Data Classification Trends To Keep in Mind in 2018
This article was co-written by Kris Lahiri, Data Protection Officer and Dawid Balut, Egnyte Architect.
There are quite a few data challenges and trends we’ll see in 2018 and years to come. We’re producing and consuming more content than ever before. And we don’t see it slowing down anytime soon which is a good thing because this often means we’re innovating and producing a great deal of creative work.
- We must manage data volumes growing at a very fast pace. Data classification challenges at this scale are fairly new. If you’re a company that’s processing large datasets coming from hundreds to thousands of sources, you can’t reliably do it manually. Manually doesn’t work because it won’t scale, and in some cases doing it manually may be a privacy violation. When GDPR takes effect on May 25th, privacy violations will translate into much bigger consequences than the ones companies are used to. That’s the reason why we should work on building highly secure and well performing autonomic systems which can operate efficiently without human access to the data.
- Companies have a hard time identifying all the places where they process and store their data. This means they can’t reliably assess and classify it. Some companies don’t take into consideration legacy datasets which not only spoils the statistical analysis but also leaves unsecured data behind. Assets inventory is a never-ending problem of the security industry and data classification follows the patterns we’re used to seeing in other fields of information security for decades. As companies and their data volumes grow, we can see it becoming an increasingly severe problem, especially under the GDPR which in many cases doesn’t allow businesses to store data that is not being used for a specific purpose.
- We need sophisticated machine learning and big data analytics to come into play given the needs for data analysis and operating on anonymized data sets. Sadly, that’s easy to get wrong, and with data protection, it doesn’t matter how many files you got right because it takes one improperly secured file to compromise and fail the customer. That’s why it’s recommended for most companies to use a trusted vendor who can help get it right from the beginning. The future of data classification lies in the hands of companies that can competently put machine learning and artificial intelligence to use. Implementing practical solutions using machine learning on an enterprise level is complicated, and it requires a staff that is highly competent in developing data processing platforms.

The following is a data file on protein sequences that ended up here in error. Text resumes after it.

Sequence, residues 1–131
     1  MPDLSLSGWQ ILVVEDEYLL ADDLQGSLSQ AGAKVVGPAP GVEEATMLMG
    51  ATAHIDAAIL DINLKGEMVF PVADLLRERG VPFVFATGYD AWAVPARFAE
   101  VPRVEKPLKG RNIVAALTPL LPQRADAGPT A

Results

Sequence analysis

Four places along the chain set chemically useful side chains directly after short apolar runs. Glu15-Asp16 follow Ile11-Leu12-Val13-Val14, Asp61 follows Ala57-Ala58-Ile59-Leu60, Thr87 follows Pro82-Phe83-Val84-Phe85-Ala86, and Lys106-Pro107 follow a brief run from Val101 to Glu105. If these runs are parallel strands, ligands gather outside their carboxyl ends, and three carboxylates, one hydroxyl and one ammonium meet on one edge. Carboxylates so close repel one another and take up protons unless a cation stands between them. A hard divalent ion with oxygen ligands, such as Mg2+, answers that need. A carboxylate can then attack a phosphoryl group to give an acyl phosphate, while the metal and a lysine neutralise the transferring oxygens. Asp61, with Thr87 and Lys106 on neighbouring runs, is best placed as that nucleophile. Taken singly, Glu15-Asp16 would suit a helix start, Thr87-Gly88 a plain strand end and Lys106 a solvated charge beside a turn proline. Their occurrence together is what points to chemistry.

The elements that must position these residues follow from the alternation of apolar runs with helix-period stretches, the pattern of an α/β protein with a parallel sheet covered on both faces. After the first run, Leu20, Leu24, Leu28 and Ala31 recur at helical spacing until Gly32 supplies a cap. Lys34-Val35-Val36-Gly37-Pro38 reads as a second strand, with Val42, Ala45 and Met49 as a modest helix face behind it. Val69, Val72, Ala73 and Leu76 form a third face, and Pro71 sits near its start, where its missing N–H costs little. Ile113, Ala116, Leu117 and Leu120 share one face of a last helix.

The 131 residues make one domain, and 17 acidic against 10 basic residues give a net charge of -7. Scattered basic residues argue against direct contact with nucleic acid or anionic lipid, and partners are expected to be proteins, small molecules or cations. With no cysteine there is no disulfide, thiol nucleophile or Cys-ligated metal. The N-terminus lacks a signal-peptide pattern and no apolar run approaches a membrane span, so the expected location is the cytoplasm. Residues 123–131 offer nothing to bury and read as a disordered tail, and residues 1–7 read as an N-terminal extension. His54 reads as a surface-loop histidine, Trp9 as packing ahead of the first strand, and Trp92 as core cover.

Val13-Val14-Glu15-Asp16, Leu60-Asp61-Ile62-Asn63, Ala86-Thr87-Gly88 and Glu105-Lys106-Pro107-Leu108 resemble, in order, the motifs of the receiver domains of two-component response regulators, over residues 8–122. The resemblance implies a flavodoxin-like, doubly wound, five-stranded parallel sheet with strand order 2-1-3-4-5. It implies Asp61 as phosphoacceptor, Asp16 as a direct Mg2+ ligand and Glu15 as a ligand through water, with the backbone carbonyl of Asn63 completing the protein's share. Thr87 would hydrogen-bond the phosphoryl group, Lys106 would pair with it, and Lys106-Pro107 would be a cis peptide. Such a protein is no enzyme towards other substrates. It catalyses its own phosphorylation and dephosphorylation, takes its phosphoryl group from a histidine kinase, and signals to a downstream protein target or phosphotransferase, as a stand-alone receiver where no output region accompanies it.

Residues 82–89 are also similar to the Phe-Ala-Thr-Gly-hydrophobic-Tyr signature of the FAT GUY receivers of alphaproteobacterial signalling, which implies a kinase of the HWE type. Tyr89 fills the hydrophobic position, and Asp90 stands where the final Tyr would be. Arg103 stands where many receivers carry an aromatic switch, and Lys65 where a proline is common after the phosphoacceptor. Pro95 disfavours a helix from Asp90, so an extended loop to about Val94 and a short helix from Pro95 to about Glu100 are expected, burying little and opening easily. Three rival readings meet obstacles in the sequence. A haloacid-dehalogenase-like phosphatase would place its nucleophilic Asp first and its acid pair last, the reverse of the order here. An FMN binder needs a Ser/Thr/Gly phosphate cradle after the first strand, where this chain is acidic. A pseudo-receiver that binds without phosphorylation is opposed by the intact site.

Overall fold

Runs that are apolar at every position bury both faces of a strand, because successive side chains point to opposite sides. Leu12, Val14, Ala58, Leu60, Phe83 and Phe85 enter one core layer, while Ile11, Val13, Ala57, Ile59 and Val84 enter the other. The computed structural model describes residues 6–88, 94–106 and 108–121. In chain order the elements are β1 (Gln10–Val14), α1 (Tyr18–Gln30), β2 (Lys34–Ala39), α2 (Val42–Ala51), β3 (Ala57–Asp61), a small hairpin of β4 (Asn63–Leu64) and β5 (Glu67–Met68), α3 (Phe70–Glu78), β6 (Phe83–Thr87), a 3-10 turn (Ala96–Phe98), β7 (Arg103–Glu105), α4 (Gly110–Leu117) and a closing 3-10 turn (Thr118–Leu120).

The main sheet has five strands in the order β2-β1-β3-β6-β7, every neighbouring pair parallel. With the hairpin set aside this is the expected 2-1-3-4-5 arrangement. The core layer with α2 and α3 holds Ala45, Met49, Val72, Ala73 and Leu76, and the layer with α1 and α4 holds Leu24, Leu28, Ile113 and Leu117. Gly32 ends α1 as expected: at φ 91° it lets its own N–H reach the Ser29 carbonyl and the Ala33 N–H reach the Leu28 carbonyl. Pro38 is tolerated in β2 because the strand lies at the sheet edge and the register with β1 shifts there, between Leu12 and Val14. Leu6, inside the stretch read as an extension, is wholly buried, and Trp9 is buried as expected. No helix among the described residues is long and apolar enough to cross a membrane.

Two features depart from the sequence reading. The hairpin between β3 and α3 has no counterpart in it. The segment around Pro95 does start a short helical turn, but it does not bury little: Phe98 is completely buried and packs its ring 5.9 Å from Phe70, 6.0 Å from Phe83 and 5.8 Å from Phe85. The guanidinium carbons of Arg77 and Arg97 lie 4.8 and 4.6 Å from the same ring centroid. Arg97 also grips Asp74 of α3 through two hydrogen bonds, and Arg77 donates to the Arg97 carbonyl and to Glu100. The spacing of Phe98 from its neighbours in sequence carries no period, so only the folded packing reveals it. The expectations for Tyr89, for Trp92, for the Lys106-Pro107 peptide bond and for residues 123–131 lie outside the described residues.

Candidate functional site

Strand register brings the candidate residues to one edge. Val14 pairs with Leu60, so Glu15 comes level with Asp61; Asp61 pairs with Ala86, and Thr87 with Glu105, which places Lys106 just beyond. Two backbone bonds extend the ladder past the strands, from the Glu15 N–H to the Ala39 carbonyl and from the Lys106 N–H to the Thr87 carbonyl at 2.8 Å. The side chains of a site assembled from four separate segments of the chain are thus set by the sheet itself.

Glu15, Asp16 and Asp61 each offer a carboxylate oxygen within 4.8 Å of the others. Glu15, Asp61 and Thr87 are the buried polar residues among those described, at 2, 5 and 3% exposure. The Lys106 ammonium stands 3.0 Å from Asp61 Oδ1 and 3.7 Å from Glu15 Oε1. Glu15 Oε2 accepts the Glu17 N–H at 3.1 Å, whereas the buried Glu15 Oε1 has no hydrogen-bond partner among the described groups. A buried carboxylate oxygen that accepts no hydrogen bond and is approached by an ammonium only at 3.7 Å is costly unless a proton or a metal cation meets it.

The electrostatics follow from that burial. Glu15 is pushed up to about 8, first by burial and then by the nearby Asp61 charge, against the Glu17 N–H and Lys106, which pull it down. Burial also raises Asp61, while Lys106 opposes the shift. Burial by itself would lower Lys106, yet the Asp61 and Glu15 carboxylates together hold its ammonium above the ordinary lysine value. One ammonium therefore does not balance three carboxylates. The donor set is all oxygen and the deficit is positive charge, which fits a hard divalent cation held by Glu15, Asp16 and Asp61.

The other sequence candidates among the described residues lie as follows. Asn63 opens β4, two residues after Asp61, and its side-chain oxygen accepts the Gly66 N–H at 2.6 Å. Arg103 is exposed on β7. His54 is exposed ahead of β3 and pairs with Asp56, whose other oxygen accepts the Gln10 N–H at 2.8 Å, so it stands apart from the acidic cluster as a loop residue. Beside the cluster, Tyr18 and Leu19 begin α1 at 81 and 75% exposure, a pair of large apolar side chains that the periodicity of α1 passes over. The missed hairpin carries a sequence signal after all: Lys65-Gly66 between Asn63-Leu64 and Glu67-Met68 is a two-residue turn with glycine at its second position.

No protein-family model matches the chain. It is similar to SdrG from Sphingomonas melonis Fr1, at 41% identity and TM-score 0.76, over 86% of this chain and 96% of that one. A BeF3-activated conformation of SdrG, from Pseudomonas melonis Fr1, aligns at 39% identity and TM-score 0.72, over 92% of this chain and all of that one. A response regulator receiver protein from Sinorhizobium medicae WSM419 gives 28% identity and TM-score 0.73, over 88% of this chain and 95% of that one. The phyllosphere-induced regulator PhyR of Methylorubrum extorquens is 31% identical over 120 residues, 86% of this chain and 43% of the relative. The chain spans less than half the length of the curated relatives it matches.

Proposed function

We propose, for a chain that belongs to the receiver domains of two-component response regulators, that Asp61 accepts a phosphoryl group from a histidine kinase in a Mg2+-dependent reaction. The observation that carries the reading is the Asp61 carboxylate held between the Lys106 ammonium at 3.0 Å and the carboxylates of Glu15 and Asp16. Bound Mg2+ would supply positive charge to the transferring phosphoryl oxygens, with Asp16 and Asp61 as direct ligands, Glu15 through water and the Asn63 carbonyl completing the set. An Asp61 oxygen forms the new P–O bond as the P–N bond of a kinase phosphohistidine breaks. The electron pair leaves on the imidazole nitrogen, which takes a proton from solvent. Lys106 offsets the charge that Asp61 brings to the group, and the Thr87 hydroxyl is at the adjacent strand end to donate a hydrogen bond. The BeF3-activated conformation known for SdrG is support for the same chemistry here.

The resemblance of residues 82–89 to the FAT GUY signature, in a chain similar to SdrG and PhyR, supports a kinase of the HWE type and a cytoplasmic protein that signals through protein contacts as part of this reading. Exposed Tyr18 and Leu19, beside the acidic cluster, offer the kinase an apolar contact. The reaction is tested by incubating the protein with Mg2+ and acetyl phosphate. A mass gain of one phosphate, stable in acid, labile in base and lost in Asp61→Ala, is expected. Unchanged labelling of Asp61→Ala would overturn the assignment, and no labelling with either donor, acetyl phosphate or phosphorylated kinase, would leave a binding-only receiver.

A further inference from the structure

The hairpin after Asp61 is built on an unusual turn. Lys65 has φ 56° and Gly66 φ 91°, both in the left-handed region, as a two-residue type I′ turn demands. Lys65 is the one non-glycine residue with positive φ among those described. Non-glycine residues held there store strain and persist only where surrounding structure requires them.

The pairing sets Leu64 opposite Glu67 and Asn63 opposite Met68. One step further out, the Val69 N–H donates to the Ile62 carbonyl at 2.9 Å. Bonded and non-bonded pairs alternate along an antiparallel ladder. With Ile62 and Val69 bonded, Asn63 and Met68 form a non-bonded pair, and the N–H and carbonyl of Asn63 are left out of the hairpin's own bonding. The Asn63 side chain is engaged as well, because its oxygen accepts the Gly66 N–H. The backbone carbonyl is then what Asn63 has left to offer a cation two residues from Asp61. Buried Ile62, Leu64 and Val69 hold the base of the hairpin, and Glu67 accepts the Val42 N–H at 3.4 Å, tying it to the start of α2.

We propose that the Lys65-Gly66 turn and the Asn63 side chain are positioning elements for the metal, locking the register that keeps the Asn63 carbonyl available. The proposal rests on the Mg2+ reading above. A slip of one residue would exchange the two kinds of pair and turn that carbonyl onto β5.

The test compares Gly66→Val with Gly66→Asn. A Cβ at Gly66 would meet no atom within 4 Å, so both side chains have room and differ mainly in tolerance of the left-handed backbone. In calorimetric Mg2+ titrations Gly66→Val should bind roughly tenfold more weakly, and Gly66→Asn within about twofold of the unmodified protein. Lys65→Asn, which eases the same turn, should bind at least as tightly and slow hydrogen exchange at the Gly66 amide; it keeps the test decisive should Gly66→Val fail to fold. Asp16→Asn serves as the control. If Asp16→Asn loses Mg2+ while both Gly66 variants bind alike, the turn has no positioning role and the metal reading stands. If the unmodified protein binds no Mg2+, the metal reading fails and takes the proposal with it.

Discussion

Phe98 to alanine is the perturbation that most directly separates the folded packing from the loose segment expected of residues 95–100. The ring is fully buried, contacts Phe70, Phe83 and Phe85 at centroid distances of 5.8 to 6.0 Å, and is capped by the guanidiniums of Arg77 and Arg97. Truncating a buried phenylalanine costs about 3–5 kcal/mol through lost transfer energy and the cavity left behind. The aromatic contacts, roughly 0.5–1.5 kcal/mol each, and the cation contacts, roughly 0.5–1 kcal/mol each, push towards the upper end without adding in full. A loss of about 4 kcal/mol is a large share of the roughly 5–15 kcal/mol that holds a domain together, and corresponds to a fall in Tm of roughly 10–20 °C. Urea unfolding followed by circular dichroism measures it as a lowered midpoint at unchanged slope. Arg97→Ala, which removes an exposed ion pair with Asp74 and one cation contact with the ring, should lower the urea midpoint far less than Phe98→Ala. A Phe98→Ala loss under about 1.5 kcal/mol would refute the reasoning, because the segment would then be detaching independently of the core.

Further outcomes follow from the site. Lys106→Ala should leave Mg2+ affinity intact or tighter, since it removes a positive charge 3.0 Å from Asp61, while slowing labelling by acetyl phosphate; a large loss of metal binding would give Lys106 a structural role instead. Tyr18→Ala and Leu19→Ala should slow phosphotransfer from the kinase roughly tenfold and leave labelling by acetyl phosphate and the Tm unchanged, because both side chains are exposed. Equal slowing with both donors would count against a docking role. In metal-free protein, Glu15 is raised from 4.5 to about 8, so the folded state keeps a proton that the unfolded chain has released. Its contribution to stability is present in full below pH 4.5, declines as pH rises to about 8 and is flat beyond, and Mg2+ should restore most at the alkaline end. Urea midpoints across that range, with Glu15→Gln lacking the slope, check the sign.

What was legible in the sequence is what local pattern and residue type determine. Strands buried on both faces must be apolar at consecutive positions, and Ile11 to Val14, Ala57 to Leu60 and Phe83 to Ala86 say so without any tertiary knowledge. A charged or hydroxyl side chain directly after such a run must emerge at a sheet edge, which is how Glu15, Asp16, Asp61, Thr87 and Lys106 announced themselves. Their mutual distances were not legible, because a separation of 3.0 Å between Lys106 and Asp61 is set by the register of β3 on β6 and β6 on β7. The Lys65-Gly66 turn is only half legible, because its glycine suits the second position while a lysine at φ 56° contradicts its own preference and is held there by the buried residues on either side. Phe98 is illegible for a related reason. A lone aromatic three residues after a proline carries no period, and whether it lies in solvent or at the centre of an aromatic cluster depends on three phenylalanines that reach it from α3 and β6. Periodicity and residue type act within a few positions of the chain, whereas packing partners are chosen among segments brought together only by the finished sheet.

- New regulations enforce data processing from companies have a higher level of security - which creates a demand for new types of auditing and monitoring tools as well as diligent security assessment to ensure there is no place where a user’s privacy is being violated. It also creates a need for modification of existing data classification mechanisms and algorithms that need to be now adjusted to comply with new data security standards as those imposed by GDPR. These systems must be able to encrypt, backup, and process the data with respect to the preservation of privacy while storing them in the appropriate data silos with safety controls.
We can definitely see more companies starting to realize the need to help corporations specialize in building sophisticated data classification solutions. Most companies should not offload unrealistic expectations to their IT teams and not expect them to develop improbable solutions. It's impractical to have demanding expectations for in-house that require immense manpower which big software companies possess and take years to develop and work out.
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